f The Wittenberg Door: Slavery in Ancient Israel – Part Two

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Commenting on Christendom, culture, history, and other oddities of life from an historic Protestant perspective.

Monday, November 10, 2014

Slavery in Ancient Israel – Part Two

In Part 1 we learned how foreigners became slaves and how they were treated. In this post we'll take a look at Hebrew slaves. A few things to note regarding Hebrew slavery:

  • The slaves were treated differently (better) than foreign slaves. Reason being, the Hebrews were God's people. Like a king who favors his children over his subjects, so God favors His children over pagans.

  • It was a voluntary institution.

  • It was for the benefit of the slaves.

The Care of the Poor

Slavery was the last resort for the poor. Before the poor had to sell themselves into servitude, God made provisions for their care:

  • The people were to lend money to the poor (Deu. 15:7-8, 11).

    It's interesting to note that the reason for this law was not just to help the poor; it was also to help cultivate a generous heart in the giver and to help stave-off the love of money (Deu. 15:9).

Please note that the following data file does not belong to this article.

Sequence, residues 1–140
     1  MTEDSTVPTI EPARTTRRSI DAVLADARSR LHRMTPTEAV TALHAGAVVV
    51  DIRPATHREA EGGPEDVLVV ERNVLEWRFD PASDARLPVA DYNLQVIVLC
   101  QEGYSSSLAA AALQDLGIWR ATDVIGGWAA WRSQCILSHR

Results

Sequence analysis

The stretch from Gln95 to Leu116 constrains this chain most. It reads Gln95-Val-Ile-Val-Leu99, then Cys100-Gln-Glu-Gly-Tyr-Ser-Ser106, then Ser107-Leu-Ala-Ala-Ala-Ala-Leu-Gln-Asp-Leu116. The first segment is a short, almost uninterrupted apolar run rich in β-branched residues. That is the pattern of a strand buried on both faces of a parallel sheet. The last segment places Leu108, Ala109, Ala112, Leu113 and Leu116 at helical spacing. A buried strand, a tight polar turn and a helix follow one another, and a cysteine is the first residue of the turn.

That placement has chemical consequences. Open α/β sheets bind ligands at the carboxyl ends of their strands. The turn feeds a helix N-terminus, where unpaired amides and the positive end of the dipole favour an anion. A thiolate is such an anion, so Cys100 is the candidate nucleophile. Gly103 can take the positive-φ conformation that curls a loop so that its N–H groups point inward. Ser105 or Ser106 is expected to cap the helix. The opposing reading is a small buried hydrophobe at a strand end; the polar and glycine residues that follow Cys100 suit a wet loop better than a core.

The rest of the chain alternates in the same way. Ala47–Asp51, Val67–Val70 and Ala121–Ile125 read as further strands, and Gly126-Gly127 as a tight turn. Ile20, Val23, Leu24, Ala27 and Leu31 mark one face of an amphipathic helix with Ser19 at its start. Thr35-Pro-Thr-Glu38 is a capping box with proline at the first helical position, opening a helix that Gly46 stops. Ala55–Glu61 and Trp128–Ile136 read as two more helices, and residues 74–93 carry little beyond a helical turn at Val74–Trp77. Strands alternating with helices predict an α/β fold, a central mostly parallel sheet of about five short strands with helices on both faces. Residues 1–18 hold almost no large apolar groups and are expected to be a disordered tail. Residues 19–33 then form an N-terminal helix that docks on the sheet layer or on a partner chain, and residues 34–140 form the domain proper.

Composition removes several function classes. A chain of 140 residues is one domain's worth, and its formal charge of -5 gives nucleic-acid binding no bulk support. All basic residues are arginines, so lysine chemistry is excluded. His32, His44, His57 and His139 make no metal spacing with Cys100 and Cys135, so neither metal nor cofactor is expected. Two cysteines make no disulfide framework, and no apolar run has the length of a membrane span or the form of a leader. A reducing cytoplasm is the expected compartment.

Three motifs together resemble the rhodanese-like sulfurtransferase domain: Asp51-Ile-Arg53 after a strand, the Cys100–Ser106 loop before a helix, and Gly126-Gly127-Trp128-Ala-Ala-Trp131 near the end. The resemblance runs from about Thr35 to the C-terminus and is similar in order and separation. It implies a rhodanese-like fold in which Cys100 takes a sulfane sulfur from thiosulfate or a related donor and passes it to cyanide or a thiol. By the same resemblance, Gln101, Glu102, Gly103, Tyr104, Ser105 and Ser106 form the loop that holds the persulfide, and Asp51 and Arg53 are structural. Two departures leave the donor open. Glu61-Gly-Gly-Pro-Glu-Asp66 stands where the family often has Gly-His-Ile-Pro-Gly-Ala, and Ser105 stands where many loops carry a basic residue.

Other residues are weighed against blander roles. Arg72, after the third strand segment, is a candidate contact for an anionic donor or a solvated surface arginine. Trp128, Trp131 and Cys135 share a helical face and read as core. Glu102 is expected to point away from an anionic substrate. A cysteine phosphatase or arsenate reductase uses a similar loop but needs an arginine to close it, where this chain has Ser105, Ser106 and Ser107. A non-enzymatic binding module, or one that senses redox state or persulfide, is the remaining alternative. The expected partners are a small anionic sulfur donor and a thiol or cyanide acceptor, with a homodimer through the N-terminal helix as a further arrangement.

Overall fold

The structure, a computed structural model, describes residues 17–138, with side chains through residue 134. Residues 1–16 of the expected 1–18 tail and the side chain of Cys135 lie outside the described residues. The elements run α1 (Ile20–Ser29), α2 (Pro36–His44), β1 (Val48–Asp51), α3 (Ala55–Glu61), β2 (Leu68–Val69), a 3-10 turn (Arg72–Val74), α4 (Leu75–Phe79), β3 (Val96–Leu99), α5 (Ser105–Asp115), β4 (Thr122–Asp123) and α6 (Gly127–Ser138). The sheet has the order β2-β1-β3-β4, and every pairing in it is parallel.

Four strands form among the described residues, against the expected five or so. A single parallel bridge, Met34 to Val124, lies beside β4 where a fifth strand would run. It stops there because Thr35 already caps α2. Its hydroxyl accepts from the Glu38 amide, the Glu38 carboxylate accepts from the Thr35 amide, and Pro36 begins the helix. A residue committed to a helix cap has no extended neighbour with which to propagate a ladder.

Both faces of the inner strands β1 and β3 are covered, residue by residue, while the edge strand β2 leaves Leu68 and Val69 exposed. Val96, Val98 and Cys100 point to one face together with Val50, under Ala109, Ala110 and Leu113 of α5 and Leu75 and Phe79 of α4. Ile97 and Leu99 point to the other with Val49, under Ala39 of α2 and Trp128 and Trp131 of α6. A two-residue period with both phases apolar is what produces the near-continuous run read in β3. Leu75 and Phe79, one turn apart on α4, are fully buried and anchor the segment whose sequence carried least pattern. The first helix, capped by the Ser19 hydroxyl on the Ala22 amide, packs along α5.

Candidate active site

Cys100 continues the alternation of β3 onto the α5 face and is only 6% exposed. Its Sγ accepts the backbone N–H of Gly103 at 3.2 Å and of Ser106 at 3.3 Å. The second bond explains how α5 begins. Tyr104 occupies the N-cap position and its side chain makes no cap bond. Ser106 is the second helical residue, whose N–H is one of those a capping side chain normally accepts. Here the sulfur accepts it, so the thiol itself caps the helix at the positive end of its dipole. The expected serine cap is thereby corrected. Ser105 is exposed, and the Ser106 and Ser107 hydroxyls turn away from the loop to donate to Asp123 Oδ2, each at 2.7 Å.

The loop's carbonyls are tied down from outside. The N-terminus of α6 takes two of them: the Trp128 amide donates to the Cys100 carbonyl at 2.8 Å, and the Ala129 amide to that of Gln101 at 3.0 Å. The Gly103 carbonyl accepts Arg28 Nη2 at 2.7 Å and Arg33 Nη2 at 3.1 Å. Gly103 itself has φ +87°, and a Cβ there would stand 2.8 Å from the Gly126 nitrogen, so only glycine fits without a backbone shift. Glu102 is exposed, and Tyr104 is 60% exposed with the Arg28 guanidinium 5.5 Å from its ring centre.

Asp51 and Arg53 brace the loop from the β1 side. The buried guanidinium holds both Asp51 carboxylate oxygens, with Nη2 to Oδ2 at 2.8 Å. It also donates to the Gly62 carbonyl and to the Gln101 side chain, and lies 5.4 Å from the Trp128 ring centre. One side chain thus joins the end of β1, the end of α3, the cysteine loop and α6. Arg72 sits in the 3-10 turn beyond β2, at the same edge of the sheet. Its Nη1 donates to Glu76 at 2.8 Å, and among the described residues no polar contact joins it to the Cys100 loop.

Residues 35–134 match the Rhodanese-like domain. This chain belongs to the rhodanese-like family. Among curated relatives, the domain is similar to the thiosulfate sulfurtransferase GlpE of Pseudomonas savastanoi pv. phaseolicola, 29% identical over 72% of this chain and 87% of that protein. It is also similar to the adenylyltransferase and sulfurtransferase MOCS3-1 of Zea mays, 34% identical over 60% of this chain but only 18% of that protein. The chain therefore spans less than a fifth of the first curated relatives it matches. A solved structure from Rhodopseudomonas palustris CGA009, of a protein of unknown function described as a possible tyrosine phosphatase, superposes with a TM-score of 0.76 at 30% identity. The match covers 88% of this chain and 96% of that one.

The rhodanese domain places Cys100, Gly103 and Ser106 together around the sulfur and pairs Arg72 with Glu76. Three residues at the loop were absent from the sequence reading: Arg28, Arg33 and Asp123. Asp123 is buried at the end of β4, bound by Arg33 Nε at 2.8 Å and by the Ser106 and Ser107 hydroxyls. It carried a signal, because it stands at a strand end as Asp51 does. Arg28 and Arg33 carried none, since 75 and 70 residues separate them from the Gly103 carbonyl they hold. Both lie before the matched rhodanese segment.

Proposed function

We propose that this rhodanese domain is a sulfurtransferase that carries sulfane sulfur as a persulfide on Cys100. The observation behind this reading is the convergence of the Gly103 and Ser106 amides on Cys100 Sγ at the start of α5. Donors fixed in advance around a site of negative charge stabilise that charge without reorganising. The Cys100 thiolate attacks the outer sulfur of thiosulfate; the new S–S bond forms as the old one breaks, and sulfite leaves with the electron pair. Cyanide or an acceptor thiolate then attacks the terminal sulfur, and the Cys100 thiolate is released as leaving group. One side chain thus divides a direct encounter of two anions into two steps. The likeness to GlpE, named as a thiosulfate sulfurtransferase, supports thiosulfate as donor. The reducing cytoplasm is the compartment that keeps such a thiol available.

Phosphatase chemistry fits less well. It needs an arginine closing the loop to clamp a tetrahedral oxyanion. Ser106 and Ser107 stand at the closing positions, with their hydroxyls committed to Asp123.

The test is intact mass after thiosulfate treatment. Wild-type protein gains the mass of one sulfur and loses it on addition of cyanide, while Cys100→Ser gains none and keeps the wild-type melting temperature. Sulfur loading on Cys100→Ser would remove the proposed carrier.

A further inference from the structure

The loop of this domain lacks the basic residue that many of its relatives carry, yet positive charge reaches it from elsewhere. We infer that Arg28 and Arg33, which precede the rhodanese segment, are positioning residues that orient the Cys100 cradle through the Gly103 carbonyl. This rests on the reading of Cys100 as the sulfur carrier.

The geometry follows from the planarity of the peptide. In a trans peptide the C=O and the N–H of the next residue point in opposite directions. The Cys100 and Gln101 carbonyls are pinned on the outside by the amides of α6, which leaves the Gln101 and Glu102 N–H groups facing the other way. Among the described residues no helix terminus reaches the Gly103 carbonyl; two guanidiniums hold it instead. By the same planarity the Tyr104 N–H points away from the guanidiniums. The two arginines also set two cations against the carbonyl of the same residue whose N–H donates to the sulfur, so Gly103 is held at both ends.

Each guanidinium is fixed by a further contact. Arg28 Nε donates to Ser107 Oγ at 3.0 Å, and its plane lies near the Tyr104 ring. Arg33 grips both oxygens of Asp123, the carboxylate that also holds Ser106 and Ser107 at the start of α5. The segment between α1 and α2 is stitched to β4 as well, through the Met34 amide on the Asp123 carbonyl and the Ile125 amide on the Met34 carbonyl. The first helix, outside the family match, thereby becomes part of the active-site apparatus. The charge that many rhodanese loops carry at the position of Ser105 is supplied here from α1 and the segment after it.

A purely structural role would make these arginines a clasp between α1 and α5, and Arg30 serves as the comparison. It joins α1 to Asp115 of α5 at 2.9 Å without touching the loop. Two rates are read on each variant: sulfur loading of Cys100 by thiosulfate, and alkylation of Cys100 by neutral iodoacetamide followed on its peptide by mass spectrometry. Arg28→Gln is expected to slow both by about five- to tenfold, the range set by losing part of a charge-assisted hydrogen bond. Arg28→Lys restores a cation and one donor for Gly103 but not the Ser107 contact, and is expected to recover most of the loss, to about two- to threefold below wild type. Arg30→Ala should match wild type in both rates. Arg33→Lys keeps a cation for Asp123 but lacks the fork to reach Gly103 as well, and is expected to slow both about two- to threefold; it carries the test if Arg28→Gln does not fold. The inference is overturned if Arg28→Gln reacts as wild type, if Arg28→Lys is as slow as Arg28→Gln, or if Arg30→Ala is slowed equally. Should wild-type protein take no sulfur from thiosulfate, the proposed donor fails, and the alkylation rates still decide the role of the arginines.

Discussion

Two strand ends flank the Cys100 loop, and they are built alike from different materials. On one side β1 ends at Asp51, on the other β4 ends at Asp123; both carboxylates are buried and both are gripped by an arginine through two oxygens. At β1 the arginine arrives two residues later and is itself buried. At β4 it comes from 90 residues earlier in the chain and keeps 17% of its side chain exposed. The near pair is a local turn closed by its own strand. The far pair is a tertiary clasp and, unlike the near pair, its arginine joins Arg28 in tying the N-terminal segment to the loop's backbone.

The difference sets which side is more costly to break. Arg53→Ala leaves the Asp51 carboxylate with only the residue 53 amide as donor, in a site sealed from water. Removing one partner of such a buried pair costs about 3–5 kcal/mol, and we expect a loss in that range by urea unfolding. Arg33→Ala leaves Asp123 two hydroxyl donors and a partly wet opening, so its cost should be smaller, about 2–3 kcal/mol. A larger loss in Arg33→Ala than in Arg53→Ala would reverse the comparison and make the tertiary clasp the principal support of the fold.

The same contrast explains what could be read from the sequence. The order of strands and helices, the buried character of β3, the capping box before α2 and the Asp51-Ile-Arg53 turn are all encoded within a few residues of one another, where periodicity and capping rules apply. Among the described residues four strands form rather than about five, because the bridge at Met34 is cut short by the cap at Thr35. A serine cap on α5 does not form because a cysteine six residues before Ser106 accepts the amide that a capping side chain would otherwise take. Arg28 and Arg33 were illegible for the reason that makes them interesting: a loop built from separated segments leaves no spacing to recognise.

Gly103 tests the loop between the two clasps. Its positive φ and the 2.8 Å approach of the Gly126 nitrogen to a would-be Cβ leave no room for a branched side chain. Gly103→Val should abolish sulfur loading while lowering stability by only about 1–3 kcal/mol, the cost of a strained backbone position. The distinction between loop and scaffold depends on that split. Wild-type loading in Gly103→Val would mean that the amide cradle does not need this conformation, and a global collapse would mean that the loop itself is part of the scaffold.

• Lenders were not to charge interest or sell the poor food for a profit (Lev. 25:36-37).

  • Borrowers were released from their debt every seven years (Deu. 15:1-2).

  • Farmers were to only reap their harvest for six years; the seventh they were to let the poor pick their food from it (Ex. 23:10).

  • Farmers were also not to cultivate the edges of their crop or pick-up fallen fruit so that the poor gather them and be feed (Lev. 19:9-10, 23:22; Deu. 24:19).

  • Every third year the tithe of the people was given to the poor (Deu. 14:28-29).

Hebrew Slavery Benefited the Slaves

When, despite the provisions discussed above, an Israelite found himself in dire straights, he still had recourse: voluntary slavery. This option allowed the poor to maintain not only their physical wellbeing, but also their dignity (i.e., they worked for what they received, instead of becoming a beggar). Listed below are a few other benefits to the slave:

  • The servitude was initiated by the slave and he was the one who received proceeds of the sale; he was also to be treated well and not like a slave, but as a hired worker or a temporary resident (Lev. 25:35-43).

    It should be noted that forced slavery was punishable by death (Ex. 21:16; Deu. 24:7).

  • They were released after six years of service (Deu. 15:12).

    The slave had the option of remaining in his masters house; however, this was completely voluntary. To ensure that the slave was not being coerced, he and his master would have to go before the judge prior to the slave becoming a lifetime servant (Ex. 21:5; Deu. 15:16).

  • When released, the slave was provided with goods so that he wouldn't be poor (Deu. 15:13-14).

In Part 3 we'll conclude with what is generally considered most troubling aspect of ancient Israel’s slavery: daughters being sold as slaves by their fathers.

--The Catechizer

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